Thursday, March 5, 2015

The Relaxation Response

What if there was an exercise that you could do for as little as ten minutes a day, three times a week that was proven to:
  • Decrease blood pressure
  • Reduce or prevent migraines
  • Combat heart disease
  • Reduce cholesterol
  • Decrease premenstrual symptoms
  • Decrease alcohol consumption
  • Decrease pain
  • Boost immune system functioning
  • Improve sleep
  • Decrease adrenaline production, thereby lowering the “fight or flight” response
  • Decrease anxiety and stress
  • Boost creativity
  • Improve relationships
  • Provide an overall feeling of health and well being
  • Increase your ability to recover from sudden stressors
  • And much, much more
Would you do it?

Better yet, what if you could do this exercise virtually anywhere—at home, riding the bus, even sitting at your desk at work?  And what if you never even had to break a sweat?

That exercise not only exists, it’s been used for thousands of years.

I’m talking, of course, about meditation.

Meditation has been studied extensively in the West, much more so than yoga’s other tools.  Herbert Benson, a researcher at Harvard Medical School, was one of meditation’s research pioneers in the 1970s.

Studying something as New Age as meditation wasn’t exactly kosher forty years ago, so Dr. Benson worked under the cover of darkness. He snuck experienced meditators into his research facility late at night, measured physiological markers, and mapped brain wave patterns.  The results were impressive. Meditators showed measurable changes in brain wave activity that allowed them to manage the stresses of life much more effectively than non-meditators.  Benson called meditation’s health and emotional benefits “The Relaxation Response.”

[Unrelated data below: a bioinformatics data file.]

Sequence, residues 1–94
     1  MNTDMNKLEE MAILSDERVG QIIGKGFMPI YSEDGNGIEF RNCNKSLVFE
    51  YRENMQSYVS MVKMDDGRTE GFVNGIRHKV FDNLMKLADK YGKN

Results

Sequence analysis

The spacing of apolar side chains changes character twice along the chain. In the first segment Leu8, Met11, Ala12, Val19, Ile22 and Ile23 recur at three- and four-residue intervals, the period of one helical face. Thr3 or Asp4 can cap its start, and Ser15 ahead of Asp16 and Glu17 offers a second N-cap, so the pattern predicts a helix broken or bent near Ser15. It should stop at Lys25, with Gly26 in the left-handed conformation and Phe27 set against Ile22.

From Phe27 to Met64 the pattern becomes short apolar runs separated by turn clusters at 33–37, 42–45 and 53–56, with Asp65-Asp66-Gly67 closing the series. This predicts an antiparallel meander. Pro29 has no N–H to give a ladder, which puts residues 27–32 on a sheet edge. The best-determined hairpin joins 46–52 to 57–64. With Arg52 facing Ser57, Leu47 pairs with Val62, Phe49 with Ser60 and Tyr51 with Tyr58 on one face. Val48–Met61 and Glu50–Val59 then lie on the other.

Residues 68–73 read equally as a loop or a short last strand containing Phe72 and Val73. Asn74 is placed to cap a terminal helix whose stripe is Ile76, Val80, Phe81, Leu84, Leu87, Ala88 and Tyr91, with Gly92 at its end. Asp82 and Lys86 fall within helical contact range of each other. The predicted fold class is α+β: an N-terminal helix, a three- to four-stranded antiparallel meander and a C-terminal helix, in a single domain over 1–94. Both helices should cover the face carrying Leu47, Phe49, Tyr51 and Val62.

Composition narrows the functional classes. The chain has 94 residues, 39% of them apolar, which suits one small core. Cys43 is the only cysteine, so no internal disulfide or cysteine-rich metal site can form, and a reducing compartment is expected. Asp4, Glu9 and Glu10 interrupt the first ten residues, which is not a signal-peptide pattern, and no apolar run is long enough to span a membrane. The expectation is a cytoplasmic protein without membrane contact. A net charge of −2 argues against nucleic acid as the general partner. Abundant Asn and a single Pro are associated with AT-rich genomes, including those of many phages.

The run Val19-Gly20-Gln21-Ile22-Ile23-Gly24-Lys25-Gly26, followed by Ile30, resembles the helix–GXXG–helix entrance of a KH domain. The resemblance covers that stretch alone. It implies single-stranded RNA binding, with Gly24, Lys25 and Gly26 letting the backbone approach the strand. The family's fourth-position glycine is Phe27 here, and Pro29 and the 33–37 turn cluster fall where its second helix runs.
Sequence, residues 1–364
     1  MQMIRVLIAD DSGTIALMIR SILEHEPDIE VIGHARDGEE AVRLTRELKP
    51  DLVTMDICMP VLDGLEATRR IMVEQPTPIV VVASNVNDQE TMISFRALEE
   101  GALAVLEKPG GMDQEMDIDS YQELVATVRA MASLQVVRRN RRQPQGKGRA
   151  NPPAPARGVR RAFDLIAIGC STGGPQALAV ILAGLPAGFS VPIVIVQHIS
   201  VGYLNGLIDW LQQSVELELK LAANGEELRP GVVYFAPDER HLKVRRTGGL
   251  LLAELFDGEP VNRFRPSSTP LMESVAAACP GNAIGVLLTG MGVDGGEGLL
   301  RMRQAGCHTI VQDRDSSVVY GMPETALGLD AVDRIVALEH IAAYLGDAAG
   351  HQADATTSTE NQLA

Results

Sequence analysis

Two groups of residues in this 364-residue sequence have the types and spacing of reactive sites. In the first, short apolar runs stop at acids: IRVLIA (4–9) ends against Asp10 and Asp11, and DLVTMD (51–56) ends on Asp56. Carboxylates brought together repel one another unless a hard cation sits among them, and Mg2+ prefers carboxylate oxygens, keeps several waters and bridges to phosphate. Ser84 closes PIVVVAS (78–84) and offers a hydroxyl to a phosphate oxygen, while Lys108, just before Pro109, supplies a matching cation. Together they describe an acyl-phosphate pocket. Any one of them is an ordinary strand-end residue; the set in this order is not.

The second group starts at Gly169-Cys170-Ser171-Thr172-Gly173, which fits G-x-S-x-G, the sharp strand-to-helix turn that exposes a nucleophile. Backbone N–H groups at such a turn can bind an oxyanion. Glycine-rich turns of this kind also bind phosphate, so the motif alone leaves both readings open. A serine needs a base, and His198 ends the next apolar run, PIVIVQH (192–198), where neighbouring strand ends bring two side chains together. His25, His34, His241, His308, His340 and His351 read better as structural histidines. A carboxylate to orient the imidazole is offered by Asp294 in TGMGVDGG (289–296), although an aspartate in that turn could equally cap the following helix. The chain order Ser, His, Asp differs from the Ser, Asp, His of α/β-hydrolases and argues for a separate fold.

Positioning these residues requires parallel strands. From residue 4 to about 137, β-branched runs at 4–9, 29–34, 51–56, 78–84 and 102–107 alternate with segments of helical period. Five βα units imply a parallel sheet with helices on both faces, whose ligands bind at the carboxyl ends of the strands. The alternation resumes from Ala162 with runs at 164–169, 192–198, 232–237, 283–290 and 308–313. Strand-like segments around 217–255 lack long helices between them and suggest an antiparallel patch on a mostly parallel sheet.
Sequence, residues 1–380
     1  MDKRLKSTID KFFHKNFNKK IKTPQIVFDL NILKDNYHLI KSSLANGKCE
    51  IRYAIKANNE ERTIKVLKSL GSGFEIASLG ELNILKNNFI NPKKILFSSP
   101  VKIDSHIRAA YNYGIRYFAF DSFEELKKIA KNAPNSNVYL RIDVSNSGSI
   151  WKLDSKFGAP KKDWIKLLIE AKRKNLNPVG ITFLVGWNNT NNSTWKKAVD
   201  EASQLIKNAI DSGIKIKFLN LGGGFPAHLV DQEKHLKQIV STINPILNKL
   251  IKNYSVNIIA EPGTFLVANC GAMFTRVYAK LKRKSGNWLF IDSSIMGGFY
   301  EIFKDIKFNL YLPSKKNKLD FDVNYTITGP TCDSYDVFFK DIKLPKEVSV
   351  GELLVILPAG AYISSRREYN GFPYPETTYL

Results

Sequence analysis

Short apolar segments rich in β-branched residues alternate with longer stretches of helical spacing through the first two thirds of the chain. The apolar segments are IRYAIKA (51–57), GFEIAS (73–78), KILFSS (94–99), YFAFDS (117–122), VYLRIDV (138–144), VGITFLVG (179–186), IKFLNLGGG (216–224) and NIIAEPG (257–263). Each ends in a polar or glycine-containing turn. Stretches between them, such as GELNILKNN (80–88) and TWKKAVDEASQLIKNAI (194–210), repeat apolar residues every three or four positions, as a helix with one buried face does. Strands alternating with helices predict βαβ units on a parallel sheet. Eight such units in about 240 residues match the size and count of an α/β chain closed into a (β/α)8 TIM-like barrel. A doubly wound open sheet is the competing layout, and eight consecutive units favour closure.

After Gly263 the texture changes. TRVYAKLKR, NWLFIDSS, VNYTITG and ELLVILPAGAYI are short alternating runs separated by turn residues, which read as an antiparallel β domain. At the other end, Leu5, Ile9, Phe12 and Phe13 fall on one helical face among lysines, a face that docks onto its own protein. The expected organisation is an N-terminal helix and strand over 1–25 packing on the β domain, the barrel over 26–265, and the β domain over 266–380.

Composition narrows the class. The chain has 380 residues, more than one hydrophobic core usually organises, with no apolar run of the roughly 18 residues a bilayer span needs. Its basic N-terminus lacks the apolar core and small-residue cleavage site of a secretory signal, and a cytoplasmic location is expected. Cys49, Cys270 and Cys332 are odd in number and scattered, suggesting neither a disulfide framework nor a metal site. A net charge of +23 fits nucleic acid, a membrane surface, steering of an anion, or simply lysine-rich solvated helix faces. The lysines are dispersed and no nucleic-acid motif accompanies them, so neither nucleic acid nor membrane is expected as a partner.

Many other researchers—including Joan Borysenko, Jon Kabat Zinn, and Dean Ornish—have replicated and expanded on these results. Their work has shown that a variety of meditation methods are equally powerful, and that effective meditation doesn’t require hours of time, a Zen-like yoga space or Tibetan master teacher.  To meditate, you simply have to sit quietly for ten minutes a day, three times a week and focus on a word, phrase, idea, or image.

Start with this simple breath focused meditation or go online and Google the word “meditation.” You’ll find literally thousands of sites with hundreds of techniques, one of which is bound to appeal to you. 

Give it a try.  I think you’ll be surprised at the results!


Tracy Weber


Linda O. Johnston said...

Thanks for your latest blog and reminder, Tracy. I still do not meditate but I probably should!

Tracy Weber said...

Meditation is one of the simplest and most powerful tools of meditation. I guarantee you won't regret it!

Betty Hechtman said...

I couldn't agree more. Meditation is the best!